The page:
Namaan worked for the government. He spent time with the king on a daily basis. There was no way he could escape his responsibilities as he served the king. And the king bowed down every day to a false god. Namaan was expected to do the same. And now that his allegiance had turned from a false god to the One True God, he knew that in his heart he couldn’t bow to the king’s idol. He must only bow to his Creator. But how could he do that when he was expected to honor the king’s wishes? How was he to show that his faith was now in his Heavenly Father while bowing to a manmade object? How is it possible to do both? And he knew that would be a problem.

He had to keep his faith a secret in order to keep his job. Could he do it? By keeping quiet about his faith, would he lose his faith? Speaking openly about his newfound trust in God Almighty could prove the downfall of his career. Was he willing to risk it all for his faith? Could he be a light in the darkness that surrounded him?

Then Naaman said, “All right, but please allow me to load two of my mules with earth from this place, and I will take it back home with me. From now on I will never again offer burnt offerings or sacrifices to any other god except the Lord . However, may the Lord pardon me in this one thing: When my master the king goes into the temple of the god Rimmon to worship there and leans on my arm, may the Lord pardon me when I bow, too.” “Go in peace,” Elisha said. So Naaman started home again. 2 Kings 5:17-19

Read 2 Kings 5:1-27 to read Namaan’s story.

I have given them your word. And the world hates them because they do not belong to the world, just as I do not belong to the world. I’m not asking you to take them out of the world, but to keep them safe from the evil one. John 17:14-15

Christians today are having to make a choice of whether to speak up at their workplace about the cultural lies being forced on them. They don’t know if it could cost them their job or not. Some choose to fly under the radar and not make waves. Because really. If they aren’t being forced to state their pronouns or wave a pride flag, why speak up. I don’t know the right or wrong choice. I’ve not be placed in that situation. I haven’t been mandated to do anything. But what I believe is that this issue must be between each person and God. With much prayer and even fasting, God will make it clear to each of us how we should live and work in a world surrounded by those who are against God. And therefore, they are against us.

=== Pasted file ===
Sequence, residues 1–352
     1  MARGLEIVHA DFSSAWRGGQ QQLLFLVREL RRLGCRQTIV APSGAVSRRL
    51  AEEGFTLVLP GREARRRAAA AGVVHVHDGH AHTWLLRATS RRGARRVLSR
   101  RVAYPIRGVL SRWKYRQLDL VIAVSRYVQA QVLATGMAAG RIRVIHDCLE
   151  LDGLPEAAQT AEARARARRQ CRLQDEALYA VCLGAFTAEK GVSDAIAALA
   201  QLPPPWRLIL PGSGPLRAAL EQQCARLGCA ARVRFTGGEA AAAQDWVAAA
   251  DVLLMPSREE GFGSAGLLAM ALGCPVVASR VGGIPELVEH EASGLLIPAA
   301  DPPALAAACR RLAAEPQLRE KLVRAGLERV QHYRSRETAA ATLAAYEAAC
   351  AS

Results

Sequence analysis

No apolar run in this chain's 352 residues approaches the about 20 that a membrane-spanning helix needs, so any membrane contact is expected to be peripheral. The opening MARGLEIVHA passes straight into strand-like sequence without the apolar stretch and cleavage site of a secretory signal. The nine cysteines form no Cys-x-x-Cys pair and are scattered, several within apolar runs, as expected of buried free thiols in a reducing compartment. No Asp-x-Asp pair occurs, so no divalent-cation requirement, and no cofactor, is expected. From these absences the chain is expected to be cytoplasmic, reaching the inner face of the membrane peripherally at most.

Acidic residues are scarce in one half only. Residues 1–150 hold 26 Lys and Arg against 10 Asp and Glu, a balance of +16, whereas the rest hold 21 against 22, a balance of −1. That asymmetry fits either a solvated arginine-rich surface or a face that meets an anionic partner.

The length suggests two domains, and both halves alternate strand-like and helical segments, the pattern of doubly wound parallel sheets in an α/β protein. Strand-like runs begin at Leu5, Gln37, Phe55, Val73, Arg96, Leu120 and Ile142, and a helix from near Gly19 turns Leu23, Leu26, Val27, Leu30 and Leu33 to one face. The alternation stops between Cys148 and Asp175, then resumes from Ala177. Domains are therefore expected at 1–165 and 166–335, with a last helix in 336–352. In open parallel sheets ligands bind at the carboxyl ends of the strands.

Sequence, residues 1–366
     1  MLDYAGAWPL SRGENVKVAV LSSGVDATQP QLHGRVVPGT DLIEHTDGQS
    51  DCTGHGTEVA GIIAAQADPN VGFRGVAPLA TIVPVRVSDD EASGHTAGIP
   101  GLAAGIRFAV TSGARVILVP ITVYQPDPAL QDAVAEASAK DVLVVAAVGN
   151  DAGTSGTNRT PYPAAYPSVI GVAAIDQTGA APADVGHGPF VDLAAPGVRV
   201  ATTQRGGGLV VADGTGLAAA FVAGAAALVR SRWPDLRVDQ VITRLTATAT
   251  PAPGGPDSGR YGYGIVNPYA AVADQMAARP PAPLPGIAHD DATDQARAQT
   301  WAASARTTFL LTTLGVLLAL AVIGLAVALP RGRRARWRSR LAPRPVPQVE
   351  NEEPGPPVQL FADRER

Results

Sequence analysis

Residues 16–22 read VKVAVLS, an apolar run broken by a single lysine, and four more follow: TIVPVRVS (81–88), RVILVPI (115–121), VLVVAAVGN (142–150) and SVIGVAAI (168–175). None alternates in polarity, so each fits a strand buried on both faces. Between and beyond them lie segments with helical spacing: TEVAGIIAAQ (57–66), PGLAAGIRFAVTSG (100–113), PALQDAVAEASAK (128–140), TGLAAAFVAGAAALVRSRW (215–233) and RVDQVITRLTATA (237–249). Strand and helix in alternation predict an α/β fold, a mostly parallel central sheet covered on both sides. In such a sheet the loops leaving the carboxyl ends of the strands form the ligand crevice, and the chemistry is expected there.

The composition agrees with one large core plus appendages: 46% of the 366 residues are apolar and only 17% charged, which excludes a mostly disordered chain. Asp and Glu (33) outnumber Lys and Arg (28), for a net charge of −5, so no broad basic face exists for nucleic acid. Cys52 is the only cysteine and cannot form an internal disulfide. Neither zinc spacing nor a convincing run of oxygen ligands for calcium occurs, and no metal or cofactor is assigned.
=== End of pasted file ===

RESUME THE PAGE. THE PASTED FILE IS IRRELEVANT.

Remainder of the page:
We must be concerned about what God thinks of our presence in a world full of sin. Oh. We can’t escape this world and remain alive. So while we’re still breathing and moving about on this planet, our desires must be centered on pleasing God while surrounded by the enemy. No. It’s not an easy task. No one said it would be. We can read of many examples in the Bible of great people who failed miserably. Some of them got up and dusted themselves off pledging their faithfulness to God Almighty. Others wallowed in their sins and never repented. I pray that we will be like the former and not the latter.

We know that we must live in this world as it is today. It’s our responsibility as believers to be in the world but not of the world. We must live in a way that honors God and his message of truth, hope and salvation. We must live for the eternity that awaits us in light of the forgiveness of our sins and our commitment to serving God and only God.

Consider those who live in distant lands where living their faith openly is in defiance of their government. They go about their work and live quiet lives. Yet they meet in secret with fellow believers and they hide their Bibles in out of the way places. Oh. They know full well what they’re facing if discovered. And yet they’re willing to practice their faith in private. They perform their work, even if it is back breaking and hard labor. They don’t give up their faith because their lives are hard. Their faith thrives in spite of their very difficult circumstances. In spite of being quiet in their workplace, their faith is firm. Can we do the same?

Sacrifice of Thanks

The Israelites lived a life of rituals. It was their lot in life. Mainly because God had commanded a life of physical and spiritual purity. There were many laws and customs that the Israelites were required to follow. Some were for keeping physically clean, most likely for health reasons. Other laws were for spiritual purposes. After all, the Promised Messiah had not been delivered to the earth, so they had no Savior. Their sins were forgiven by offering animal sacrifices.